Recently I had the opportunity to speak over Zoom with Victoria Gray — the first sickle cell patient in the U.S. to be treated with CRISPR — and to hear about her life before and after the therapy. I’ll just never forget that moment. For a scientist to see the real-world impact of work they were involved in, there’s just nothing like it. To see that real-world impact within 10 years of that original publication? That’s just mind-blowing to me.

To what do you credit the incredible pace of development?

I think it’s a combination of things. CRISPR technology appeared on the scene at an opportune moment in the field; there were increasing numbers of whole genome sequences available. By then, sickle cell disease had been one of the longest studied of all the human genetic disorders. And it was also a time when biotech was booming, so there was a lot of investor money available to start those first CRISPR companies and make it possible to hire really good people.

There was also a hunger, in part because there was so much disappointment in the field when earlier forms of gene therapy didn’t work out. Many people, myself included, were sort of wondering whether it would ever be possible to do genetic therapies in human beings. So CRISPR came along at a time when people were looking to turn that field around. And it didn’t hurt that the technology was so enabling — that just made the science go really quickly.

In 2018, you began a collaboration with Bruce Conklin at the Gladstone Institutes in San Francisco to push CRISPR toward the clinic. You told me at the time it was out of a need to “step back and figure out how to ensure in the future that this technology is not something only available to the 0.1 percent.” Can you talk about the work you’re doing there to address costs and accessibility?

Recently, we initiated a clinical trial for sickle cell disease with research that was done at the Innovative Genomics Institute. That’s being run by a three-way collaboration between UC Berkeley, UCSF, and UCLA, and as part of that, we’ve been engaging with the patients to better understand their experience with the disease and the health care system. And what that has confirmed for me is the need to advance the technical aspects of CRISPR to the point where we don’t need bone marrow transplantation for this type of therapy.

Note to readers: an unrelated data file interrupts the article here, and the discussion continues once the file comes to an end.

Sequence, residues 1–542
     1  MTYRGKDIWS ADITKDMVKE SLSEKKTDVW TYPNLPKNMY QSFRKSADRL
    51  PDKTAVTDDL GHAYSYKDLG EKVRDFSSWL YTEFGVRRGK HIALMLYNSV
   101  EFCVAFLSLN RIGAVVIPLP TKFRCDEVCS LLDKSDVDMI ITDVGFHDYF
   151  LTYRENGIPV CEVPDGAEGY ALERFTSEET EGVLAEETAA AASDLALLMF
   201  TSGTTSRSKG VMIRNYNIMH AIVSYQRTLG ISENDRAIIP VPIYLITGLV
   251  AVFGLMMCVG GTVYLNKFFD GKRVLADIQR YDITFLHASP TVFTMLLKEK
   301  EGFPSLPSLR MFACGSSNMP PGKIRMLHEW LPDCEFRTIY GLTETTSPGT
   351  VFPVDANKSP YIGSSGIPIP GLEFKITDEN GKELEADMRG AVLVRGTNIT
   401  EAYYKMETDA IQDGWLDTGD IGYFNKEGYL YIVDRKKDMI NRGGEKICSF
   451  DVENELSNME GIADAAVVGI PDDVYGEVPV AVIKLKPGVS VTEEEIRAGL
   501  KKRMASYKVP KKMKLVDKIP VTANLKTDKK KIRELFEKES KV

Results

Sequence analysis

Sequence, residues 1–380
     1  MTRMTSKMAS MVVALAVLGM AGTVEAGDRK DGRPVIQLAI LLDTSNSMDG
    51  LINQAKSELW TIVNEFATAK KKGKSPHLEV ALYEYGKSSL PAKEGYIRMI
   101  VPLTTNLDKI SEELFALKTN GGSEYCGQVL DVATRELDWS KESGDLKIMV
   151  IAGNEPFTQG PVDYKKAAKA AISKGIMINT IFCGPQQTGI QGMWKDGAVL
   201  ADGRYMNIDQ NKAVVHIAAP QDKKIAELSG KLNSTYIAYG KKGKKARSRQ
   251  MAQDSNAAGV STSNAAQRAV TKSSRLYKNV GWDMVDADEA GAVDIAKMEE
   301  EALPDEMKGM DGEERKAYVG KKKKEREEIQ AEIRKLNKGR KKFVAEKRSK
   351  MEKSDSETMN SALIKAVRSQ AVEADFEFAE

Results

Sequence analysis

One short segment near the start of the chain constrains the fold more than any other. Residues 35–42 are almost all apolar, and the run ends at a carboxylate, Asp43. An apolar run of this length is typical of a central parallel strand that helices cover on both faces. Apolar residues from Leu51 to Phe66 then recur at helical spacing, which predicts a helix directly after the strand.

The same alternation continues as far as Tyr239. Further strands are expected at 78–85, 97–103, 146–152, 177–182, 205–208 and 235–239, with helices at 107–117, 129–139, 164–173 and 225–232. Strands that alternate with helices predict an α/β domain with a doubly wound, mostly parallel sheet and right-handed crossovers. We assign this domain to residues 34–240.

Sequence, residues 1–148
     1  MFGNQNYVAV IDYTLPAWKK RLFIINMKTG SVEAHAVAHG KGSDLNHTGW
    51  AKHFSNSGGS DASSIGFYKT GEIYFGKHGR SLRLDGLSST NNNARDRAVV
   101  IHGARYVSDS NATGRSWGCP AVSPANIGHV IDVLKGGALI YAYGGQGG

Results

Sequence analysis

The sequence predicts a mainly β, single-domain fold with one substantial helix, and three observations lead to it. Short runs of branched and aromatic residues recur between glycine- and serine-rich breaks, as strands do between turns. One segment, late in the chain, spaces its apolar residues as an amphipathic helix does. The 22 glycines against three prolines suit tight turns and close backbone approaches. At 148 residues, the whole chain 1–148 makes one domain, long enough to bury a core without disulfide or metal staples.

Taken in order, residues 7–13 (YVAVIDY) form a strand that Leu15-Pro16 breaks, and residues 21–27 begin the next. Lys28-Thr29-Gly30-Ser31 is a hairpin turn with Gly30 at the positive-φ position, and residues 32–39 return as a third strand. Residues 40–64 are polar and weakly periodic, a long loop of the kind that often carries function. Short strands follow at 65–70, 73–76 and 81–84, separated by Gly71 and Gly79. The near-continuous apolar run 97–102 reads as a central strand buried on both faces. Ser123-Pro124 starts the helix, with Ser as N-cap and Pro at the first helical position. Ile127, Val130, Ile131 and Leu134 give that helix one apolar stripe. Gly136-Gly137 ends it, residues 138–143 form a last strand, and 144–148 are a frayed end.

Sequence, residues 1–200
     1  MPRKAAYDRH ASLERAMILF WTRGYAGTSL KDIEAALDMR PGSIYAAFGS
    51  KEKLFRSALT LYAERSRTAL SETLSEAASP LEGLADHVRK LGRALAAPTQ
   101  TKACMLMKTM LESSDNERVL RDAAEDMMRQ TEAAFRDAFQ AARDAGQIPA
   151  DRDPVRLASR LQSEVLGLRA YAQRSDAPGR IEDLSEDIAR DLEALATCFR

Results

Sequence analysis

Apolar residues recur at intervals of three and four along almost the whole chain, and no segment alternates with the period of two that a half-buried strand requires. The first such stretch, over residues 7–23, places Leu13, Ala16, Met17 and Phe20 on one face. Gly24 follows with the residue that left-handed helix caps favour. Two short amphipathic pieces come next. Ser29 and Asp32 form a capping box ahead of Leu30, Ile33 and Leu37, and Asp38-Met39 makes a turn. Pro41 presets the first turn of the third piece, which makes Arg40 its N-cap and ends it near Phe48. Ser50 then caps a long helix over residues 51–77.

If we could do more editing in vivo so we don’t have to extract cells, edit them, and replace them — which at least for blood disorders usually requires a bone marrow transplant — I think that would really be transformative. So that’s one example of something we’re now working on.

But I don’t think there’s going to be a one-size-fits-all approach, but different delivery modalities will be more cost-effective than others. We’ve seen a really good example of this recently with the Covid-19 vaccines. One of the reasons the mRNA vaccines have been so successful is not only their efficacy but also the relative ease of manufacturing compared to other types. Making viral vectors, which requires cultivating cells, is just much harder to do on a large scale than something that is completely controllable in vitro in the lab. So I think we’ll see the same thing in the CRISPR world.

What do you think people can expect to see from CRISPR in the next 10 years?

I think in the next decade, at least I hope, that we’re going to see real advances around delivery to the point where we can start to use CRISPR as a standard of care for certain types of diseases. I think that could be possible for sickle cell disease. I don’t want to trivialize the challenges around doing that, but I think there is a lot of motivation in the field and a lot of innovation and creativity that’s going into that effort right now, which gives me hope we may succeed in that goal.

I also think it’s quite possible that we’ll see CRISPR start to be used not just to treat disease but also to prevent disease. Whether it’s preventing it because CRISPR is being used diagnostically, which is already happening. Or whether it’s being used to edit genes which, if left untouched, would predispose people to disorders, especially during aging.

Clearly CRISPR would have to be safe first and foremost, but I think there’s interest in this. And if that were to happen, then we’re going to see a situation where genome editing really has a much more widespread impact across the population.